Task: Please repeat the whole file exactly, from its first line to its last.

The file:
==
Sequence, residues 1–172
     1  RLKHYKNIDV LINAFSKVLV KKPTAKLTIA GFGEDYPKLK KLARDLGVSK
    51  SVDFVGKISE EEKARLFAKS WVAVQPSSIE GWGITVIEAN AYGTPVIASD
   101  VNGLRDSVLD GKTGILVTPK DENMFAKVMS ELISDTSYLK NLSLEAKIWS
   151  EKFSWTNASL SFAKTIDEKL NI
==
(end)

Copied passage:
Sequence, residues 1–172
     1  RLKHYKNIDV LINAFSKVLV KKPTAKLTIA GFGEDYPKLK KLARDLGVSK
    51  SVDFVGKISE EEKARLFAKS WVAVQPSSIE GWGITVIEAN AYGTPVIASD
   101  VNGLRDSVLD GKTGILVTPK DENMFAKVMS ELISDTSYLK NLSLEAKIWS
   151  EKFSWTNASL SFAKTIDEKL NI